My belated movie review — “Safety Last!” with Harold Lloyd

The last great clock-hanger.

I happen to enjoy a silent movie here and there. You know, those old black and white movies they made before they could figure out how to put sound to the picture with a soundtrack? They had stars, too. Like Charlie Chaplin, Rudy Valentino, and Gloria Swanson. I know, they are stars you might not have heard of until now. For nearly all of us (somebody reading this is 90 years old or more), they are before our time.

I have a little bit of a connection to silent films, too. My great grandfather was the sound engineer on the first sound film ever made. He ran a battery shop, building and fixing batteries, but also knew how to handle sound recording equipment. His daughter, and my grandmother, eventually transcribed for the screenwriters to write the scripts for the movies, too.

For a while there, I had been showing Harold Lloyd clips and movies to my kids, little short films, I thought, right? They’re easy to find on YouTube. They’re all beyond copyright protection now, so pretty much anyone can view them and own a copy of them. The original works are now in the public domain.

My favorite silent movie from Harold Lloyd is “Safety Last!”, and for years, I only saw the part where our hero, Harold, climbs a building to meet the woman he hopes to marry. 7 minutes tops, right?

So when I decided to write this article, I went searching for it this morning and found the full-length film, on YouTube, all one hour and thirteen minutes of it. I had figured I’d be writing about that short segment. Boy, was I wrong. But hey, it all worked out. I finished watching the whole thing before anyone got up this morning.

Safety Last features Harold Lloyd, Mildred Davis, Bill Strother, and Noah Young. You can find the Wikipedia page about this movie here, but be forewarned, the plot description is a spoiler if you have never seen it before. Have you ever seen this image before?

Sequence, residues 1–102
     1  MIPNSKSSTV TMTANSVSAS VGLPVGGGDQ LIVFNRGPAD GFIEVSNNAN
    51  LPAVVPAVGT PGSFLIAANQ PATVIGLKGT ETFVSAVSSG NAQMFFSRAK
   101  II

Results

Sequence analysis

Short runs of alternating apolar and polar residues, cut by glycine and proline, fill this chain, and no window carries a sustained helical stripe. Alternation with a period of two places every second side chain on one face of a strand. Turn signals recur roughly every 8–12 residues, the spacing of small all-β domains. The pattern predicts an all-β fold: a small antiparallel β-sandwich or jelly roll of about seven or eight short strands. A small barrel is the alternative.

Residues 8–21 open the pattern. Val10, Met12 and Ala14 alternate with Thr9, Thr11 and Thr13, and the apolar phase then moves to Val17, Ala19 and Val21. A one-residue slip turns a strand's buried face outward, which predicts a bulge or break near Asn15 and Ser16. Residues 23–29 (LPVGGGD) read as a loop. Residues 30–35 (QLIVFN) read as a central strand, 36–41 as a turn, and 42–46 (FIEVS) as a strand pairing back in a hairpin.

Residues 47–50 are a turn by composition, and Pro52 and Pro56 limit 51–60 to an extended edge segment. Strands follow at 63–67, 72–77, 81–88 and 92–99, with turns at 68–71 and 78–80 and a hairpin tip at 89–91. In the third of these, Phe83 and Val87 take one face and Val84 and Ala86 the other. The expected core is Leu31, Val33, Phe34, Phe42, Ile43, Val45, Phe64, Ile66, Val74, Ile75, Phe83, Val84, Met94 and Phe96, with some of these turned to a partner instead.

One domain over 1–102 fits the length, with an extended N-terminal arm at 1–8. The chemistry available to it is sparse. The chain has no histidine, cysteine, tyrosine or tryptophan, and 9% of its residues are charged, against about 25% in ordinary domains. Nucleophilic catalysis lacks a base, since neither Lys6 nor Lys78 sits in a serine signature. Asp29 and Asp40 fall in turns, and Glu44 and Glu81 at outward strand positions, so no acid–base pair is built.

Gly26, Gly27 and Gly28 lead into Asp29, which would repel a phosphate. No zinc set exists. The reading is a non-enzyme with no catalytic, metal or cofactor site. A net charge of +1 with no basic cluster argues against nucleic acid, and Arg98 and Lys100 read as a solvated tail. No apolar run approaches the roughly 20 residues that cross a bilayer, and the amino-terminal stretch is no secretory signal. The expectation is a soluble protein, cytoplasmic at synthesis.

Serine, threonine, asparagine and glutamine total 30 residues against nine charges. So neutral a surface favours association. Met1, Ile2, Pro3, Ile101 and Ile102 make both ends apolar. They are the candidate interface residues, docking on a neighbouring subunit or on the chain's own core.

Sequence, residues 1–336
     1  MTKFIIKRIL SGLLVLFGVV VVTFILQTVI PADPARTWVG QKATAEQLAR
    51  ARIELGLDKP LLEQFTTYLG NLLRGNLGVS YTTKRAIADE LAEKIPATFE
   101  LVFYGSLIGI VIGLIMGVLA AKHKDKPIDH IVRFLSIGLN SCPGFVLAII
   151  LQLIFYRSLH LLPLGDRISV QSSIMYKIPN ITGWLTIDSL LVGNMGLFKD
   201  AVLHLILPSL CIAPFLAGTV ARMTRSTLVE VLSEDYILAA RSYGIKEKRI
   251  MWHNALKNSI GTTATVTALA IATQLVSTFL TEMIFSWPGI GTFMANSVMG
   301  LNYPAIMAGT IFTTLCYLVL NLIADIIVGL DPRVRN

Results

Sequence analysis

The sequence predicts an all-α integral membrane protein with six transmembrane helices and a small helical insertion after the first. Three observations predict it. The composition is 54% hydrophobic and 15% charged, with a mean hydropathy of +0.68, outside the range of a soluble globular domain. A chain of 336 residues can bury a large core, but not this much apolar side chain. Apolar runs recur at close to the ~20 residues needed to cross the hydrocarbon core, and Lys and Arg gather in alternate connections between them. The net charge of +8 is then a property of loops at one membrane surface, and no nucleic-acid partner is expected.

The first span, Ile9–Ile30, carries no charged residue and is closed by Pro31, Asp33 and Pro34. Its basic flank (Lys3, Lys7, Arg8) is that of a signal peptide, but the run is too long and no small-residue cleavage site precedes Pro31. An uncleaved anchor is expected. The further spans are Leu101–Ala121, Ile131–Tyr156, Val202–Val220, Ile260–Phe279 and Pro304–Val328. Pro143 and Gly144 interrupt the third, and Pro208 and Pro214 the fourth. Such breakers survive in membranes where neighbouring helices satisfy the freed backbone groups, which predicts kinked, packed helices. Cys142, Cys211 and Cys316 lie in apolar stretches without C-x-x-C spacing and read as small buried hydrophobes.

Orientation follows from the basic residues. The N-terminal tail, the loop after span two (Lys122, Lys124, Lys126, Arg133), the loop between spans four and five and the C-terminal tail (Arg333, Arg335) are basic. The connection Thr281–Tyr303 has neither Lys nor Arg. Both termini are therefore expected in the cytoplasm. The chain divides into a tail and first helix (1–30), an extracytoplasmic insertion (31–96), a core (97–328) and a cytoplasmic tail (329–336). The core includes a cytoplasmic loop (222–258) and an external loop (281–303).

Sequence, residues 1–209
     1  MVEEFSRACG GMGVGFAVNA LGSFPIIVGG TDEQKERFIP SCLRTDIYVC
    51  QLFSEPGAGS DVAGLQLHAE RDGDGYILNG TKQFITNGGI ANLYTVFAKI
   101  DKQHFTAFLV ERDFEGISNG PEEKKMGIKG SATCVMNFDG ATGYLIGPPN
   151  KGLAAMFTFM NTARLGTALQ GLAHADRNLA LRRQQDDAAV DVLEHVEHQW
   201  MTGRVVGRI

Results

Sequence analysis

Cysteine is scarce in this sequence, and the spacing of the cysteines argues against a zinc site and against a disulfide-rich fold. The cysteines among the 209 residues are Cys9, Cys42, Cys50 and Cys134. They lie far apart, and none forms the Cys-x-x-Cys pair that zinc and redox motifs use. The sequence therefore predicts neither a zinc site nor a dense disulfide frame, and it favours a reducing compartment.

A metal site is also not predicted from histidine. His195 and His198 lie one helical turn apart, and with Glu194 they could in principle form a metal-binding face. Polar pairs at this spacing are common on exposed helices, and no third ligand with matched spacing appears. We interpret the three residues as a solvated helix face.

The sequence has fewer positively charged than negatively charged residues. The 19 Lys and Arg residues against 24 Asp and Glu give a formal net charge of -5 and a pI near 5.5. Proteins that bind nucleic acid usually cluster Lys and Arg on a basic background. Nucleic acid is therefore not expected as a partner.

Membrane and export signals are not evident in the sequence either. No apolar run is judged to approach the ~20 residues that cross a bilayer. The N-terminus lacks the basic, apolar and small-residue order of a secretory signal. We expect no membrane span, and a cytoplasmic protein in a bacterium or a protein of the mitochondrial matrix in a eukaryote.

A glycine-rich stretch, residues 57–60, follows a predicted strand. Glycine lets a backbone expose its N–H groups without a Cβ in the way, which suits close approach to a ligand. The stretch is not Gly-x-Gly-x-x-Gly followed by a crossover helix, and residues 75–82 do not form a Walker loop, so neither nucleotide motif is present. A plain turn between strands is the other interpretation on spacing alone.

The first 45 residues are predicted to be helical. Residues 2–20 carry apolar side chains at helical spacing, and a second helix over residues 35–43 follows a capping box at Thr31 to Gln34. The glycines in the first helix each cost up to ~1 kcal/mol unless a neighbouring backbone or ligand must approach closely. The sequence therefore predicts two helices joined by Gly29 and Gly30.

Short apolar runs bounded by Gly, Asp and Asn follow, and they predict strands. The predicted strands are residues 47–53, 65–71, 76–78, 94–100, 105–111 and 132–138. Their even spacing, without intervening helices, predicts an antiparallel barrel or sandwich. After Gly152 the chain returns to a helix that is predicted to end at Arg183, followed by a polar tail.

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Source: Wikipedia

Now you know where that came from. Safety Last! is considered one of the great comedies in film, and rightly so, as it was produced by the great Hal Roach of Little Rascals fame. I enjoyed Safety Last! for the context switching, where one frame of reference is presented, and then flipped to show another. I also enjoyed the uncomfortable circumstances and social situations presented to challenge the protagonist, Harold.

But the most impressive part of the movie to me is the stunts. The men who performed the stunts, most of which were performed by Lloyd himself, were amazing. They didn’t have all the post-production gizmos like we have today, so the genius of the directors, Fred Newmeyer, and Sam Taylor really stands out. How did they do all that? They make these scenes look incredible for their time. The stunts demonstrated remarkable skill and strength, as well. And they were all done in a way that doesn’t distract from the plot.

I also know that the stunts were performed with safety first in mind. Yet, as I watched the film, especially the scenes of a man climbing the side of the building, I was noticeably uncomfortable. I kept imagining how I might feel on the side of the building, and I fidgeted and squirmed as I watched. The music that accompanies the film on YouTube adds to the suspense, as well.

Another aspect that I liked about the film is that even in the segment that I had seen a few times with my kids, I still laughed in the same spots as before. It’s kind of like “I Love Lucy”, where they figured out a certain mechanics about comedy, and it just works, every single time. I’ve seen this myself when I used to do stand up comedy, too. I’ve seen the same people come to my show over and over, and they laugh at the same jokes, every time. Lloyd captures that repeatably funny magic in this film.

Safety Last! also gives us a great idea of what life was like in 1923 America. There were no cell phones, no computers, and everything was very mechanical. This movie shows and uses the state of the art as of 1923 and presents a very different narrative than what we’re used to seeing or thinking. Everything was recorded on paper and film, and there was nothing digital about it.

For the rest of the film, which was new to me, I laughed out loud and thoroughly enjoyed myself. From the pranks to the pratfalls, I was moved by the comedy and the fearless stunts. I saw how people once lived in 20th Century America.

If you have not seen Safety Last! yet, it is well worth the time to see a man dangling from the hands of a clock.

Write on.

Originally published on Steemit.com, July 19th, 2018. Updated for clarity, punctuation, and grammar.

Written by

Husband, father, worker, philosopher, and observer. Plumbing the depths of consciousness to find the spring of happiness. Write on.

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